Sunday, April 9, 2017

With pushes from Obama administration, Kentucky schools focused more on health; example: less junk food is available

Lexington Herald-Leader file photo
Sugary drinks, fatty snacks and chocolate candy are becoming harder to buy in Kentucky schools, which are paying more attention to health issues, according to the latest survey by the federal Centers for Disease Control and Prevention.

The CDC's latest biennial School Health Profiles for 2014 found big declines in the availability of junk food since 2014. Here are the specifics:
  • Chocolate candy: 7.8 percent in 2016, down from 22.6 percent in 2014
  • Salty snacks that are not low in fat: 13.7 percent in 2016, down from 26.1 percent.
  • Cookies, crackers or other baked goods that are not low in fat: 12.0 percent in 2016, down from 24.1 percent.
  • Soda or fruit drinks that are not 100 percent juice: 15.7 percent in 2016, down from 33.1 percent in 2014.
There was also a big increase last year in the number of Kentucky schools that banned less nutritious foods and beverages from being sold in fundraising, up to 36 percent from 23 percent in 2014, a news release from the state Department of Education said.

Schools are systematically paying more attention to health issues. The survey found that 66 percent have used the CDC’s School Health Index or another self-assessment tool to evaluate them in the areas of physical activity (66 percent in 2016, 56 percent in 2014), nutrition (62 percent in 2016, 53 percent in 2014) and asthma (35 percent in 2016, 21 percent in 2014).

More schools are offering opportunities for students to participate in physical activity before the school day through organized activities or access to facilities or equipment: 29.4 percent in 2016, up from 19.3 percent in 2014.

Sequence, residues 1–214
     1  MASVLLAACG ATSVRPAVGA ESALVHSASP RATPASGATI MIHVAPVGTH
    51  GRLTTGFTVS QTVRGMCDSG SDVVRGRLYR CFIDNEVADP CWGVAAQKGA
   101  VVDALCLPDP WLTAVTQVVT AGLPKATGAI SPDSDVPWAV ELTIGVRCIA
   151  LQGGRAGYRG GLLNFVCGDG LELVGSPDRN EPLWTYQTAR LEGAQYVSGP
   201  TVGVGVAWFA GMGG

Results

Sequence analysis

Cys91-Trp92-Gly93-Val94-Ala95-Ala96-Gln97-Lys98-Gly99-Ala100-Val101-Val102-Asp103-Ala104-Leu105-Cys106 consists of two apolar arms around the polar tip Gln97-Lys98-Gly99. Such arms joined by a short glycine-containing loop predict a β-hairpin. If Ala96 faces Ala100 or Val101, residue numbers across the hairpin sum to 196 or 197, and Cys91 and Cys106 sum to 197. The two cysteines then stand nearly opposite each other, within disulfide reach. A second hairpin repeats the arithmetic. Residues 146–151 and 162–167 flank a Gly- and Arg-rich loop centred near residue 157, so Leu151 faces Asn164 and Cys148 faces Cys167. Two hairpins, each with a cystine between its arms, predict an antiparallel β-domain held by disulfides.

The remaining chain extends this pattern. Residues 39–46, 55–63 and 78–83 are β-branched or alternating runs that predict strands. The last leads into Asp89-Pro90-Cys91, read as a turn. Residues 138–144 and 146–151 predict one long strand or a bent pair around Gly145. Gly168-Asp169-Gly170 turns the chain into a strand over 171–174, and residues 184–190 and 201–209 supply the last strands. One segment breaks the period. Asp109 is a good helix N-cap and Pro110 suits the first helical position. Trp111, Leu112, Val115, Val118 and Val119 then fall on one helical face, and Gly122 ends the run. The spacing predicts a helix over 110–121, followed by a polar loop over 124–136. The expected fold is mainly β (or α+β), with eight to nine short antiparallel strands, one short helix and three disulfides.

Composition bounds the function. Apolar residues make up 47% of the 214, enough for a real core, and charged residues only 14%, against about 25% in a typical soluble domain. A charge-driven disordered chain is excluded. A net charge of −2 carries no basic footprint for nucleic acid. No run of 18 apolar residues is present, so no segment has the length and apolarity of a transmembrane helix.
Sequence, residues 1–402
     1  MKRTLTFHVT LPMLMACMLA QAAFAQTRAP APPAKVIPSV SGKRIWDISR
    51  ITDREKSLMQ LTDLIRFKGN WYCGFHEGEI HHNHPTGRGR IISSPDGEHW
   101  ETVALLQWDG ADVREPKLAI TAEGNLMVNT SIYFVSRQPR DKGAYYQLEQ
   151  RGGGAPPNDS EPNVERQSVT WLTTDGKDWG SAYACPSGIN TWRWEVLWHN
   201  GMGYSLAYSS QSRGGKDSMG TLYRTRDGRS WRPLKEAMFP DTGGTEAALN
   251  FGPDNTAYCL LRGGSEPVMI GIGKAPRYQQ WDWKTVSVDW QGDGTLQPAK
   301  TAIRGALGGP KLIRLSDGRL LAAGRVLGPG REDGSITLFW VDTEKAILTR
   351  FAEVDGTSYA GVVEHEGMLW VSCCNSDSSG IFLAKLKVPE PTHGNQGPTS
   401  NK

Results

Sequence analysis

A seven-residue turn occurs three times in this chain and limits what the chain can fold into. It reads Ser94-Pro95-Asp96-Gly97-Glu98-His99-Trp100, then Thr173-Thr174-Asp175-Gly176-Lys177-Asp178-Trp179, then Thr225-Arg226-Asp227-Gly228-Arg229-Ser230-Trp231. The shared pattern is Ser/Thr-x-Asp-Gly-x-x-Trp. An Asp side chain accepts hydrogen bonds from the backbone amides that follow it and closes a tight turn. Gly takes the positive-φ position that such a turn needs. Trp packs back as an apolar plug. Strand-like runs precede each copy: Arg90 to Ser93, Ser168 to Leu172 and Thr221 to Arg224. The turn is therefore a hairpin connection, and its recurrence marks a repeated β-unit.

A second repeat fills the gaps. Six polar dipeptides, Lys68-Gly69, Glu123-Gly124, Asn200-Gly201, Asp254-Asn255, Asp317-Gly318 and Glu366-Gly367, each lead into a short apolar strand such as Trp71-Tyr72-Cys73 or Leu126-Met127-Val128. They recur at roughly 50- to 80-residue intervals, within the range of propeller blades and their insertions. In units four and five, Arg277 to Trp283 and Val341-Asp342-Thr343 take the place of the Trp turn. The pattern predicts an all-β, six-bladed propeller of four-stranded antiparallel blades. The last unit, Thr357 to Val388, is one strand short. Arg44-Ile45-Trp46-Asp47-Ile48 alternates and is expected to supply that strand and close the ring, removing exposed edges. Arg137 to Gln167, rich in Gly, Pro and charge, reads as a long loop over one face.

"Nearly three-fourths of schools have one or more groups such as a school health council, committee or team that offers guidance on the development of policies or coordinates activities on health topics," the release said. "There were such groups in 74.7 percent of schools in 2016, up from 63.8 percent in 2014."

The department and the Kentucky School Nutrition Association attributed the improvements to the Healthy, Hunger-Free Kids Act that Congress passed 2010, the U.S. Department of Agriculture’s "Smart Snacks in School" regulation of 2014 and a review of the state education department’s Practical Living Career Studies program.

Janet Tietyen Mullins, a University of Kentucky extension professor of food and nutrition, said the improvements are encouraging, "because they can help Kentucky students reduce their risk of developing diabetes and other chronic diseases," Valarie Honeycutt Spears writes for the Lexington Herald-Leader.

Mullins told Spears, “These changes in the school food environment are a positive way to help students choose more nutritious foods. Everyone benefits from an environment where healthy foods are readily available, and the changes could also benefit school staff and guests.”

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